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Has Coddling an Entire Generation of Children Set Them Up for Failure?

Research says we should let children do difficult things.

Key points

  • A better model for success than "self-esteem" may be the more dynamic sense of "status"—one's feeling of "okayness" relative to others.
  • An increase in status increases one's dopamine and serotonin levels (i.e., happiness) and decreases cortisol (i.e., stress).
  • Kids can grow in status and feel rewarded by doing difficult things and improving, not simply being told they're "special."

You've probably heard the phrase "helicopter parent" by now. It was coined by the authors of the popular book, Parenting With Love and Logic. A helicopter parent is one who hovers over their child's every move in an effort to protect them from pain, disappointment, and failure in the process of achieving success. This type of parent is especially prevalent in Western culture because we are so preoccupied with building our children's self-esteem.

A new French parenting book, Bringing Up Bébé: One American Mother Discovers the Wisdom of French Parenting,' has recently caught fire in the parenting world, and leading experts have reported a growing eagerness among mothers and fathers to return to the less-hovering style that was practiced by previous generations.

My thoughts on this? It's about time. Two years ago, a newspaper headline caught the attention of millions of parents including myself that read, "Helicopter parents not doing enough to let children fail." The controversial article received hundreds of comments. Why? Well because it explains how parents concerned about self-esteem are not letting their children do difficult things, and as a result, we are developing adults who expect a lot from life but may not be willing to give much. This of course does not bode well for the future of Western civilization, especially when you have other cultures instilling a mental model of the urgency of working hard and doing difficult things.

Ever since this article hit the media, I have been studying the way self-esteem works in the human mind and how millions of American families are still failing to approach their children's self-esteem in an appropriate way.

Humans have a habit of thinking psychological theories are "easy" and therefore don't matter. Yet sometimes a wrong theory about human nature can have terrible consequences. It may be that we have failed a whole generation of children by telling them how special and great they are, and coddling them from doing anything too difficult (or dangerous). We've done this because psychologists have told us that self-esteem is important.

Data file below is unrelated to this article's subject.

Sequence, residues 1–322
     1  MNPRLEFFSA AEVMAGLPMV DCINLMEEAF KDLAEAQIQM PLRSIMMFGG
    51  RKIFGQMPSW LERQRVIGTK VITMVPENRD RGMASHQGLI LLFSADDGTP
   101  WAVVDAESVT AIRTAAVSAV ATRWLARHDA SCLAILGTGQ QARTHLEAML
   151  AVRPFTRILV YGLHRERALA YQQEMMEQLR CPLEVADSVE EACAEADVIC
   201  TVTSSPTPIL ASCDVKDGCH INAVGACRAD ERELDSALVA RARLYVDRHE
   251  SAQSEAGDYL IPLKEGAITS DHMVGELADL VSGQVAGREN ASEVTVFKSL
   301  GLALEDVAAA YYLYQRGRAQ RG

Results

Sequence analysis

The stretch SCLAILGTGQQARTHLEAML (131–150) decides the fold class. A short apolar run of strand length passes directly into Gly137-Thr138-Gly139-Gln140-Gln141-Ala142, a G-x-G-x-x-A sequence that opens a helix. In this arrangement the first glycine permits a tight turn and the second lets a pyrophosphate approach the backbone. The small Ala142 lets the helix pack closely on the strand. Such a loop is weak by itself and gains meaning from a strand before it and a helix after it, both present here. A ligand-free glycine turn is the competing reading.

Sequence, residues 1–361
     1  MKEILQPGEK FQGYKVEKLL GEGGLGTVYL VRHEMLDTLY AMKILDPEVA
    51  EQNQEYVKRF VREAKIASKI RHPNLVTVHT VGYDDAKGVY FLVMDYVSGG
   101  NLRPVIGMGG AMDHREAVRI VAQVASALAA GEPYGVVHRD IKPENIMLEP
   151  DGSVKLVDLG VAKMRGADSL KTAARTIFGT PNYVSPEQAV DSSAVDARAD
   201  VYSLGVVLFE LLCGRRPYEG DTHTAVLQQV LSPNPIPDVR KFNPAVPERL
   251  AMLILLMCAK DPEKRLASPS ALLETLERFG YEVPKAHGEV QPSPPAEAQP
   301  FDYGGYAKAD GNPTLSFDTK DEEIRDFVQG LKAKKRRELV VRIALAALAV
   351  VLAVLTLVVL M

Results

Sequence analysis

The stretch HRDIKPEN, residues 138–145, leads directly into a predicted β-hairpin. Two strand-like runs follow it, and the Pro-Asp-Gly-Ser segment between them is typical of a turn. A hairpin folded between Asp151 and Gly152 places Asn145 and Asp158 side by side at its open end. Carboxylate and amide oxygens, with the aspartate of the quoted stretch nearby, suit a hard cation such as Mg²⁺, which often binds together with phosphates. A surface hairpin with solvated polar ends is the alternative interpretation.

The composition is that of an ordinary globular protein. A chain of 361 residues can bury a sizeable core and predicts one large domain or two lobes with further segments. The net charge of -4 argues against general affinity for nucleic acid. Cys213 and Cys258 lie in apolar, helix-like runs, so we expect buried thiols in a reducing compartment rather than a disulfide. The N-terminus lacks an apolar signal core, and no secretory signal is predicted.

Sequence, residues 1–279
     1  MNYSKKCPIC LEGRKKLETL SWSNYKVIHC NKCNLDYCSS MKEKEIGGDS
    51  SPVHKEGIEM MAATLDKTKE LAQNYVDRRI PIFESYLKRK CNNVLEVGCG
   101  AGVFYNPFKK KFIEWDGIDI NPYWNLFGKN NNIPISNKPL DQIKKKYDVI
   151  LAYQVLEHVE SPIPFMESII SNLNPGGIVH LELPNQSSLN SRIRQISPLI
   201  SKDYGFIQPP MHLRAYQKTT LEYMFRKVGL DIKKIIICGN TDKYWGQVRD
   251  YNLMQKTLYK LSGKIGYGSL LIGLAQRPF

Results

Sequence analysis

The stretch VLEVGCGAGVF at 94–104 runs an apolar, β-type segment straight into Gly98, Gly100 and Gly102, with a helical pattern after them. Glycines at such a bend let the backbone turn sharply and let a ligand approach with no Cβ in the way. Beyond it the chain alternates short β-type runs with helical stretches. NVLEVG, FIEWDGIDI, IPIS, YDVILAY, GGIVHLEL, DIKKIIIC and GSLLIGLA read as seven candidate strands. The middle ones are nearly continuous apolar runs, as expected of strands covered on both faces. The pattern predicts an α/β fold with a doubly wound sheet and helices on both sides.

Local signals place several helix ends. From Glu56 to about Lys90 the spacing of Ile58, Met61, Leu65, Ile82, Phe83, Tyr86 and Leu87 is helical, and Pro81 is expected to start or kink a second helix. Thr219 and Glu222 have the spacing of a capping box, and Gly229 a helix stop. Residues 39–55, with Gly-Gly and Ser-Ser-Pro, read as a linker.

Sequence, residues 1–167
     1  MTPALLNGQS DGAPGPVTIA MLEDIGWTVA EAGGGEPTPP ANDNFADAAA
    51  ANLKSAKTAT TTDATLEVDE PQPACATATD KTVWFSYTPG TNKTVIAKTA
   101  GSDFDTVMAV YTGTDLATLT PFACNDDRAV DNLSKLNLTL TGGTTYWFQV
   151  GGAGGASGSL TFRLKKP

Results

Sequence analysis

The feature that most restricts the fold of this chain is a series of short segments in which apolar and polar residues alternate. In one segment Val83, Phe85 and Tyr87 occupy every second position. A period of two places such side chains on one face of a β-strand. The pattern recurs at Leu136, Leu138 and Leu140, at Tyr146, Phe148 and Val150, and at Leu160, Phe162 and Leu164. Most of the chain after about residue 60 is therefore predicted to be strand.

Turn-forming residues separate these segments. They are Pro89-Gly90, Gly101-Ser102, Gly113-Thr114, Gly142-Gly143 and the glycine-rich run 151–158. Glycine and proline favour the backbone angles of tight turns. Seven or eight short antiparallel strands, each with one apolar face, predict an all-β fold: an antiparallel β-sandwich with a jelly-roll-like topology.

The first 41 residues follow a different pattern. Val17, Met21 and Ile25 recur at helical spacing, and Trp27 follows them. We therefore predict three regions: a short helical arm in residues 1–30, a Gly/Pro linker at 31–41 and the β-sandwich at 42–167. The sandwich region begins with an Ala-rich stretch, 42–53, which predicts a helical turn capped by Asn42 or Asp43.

When kids are praised for everything and told they are "special," it does two things: It reduces their desire to put in effort, and it reduces their ability to self-regulate because they don't get to challenge themselves. Yet self-regulation appears to be the dramatically central player in whether people succeed or not. Also, researcher Carol Dweck has shown that a "change" mindset versus a "set" mindset is central to learning. Trying to instill high self-esteem in kids without challenging them is likely to leave these future adults in a "set" mindset, less able to develop themselves.

Conversely, if kids are discouraged and are made to feel socially inferior, it can be highly detrimental to their ability to express their cognitive skills. Social context is very important when it comes to the development of one's esteem.

I believe it's time for a major overhaul in our thinking about self-esteem. Our model may simply be incorrect. The trouble is, while there's no question there is a deep human drive for a feeling of self-esteem or competence, this feeling of competence is almost never assessed on its own. We are social beings at the core, and as such our sense of competence appears to be deeply connected to others around us.

Self-esteem may not be the right way of understanding this feeling of "okayness" when we actually measure this constantly against others. Instead of self-esteem, we need to start thinking about the more dynamic sense of "status."

Here's a summary of my research on this issue, including links to many important neuroscience studies, all extracted from my new book Your Brain at Work. The writing is more focused on the workplace, but the issues are deeply pertinent to how we bring up kids. If you've ever watched a 6-month-old be jealous of their older sibling, you'll recognize how deeply hardwired this issue of status is.

Maintaining the status quo

Status means where we are positioned in relation to those around us; literally where we are in the "pecking order." Your perception of status, and any changes in it, can be a driver of what's called primary reward or threat. A sense of increasing status can be more rewarding than money, and a sense of decreasing status can feel like your life is in danger.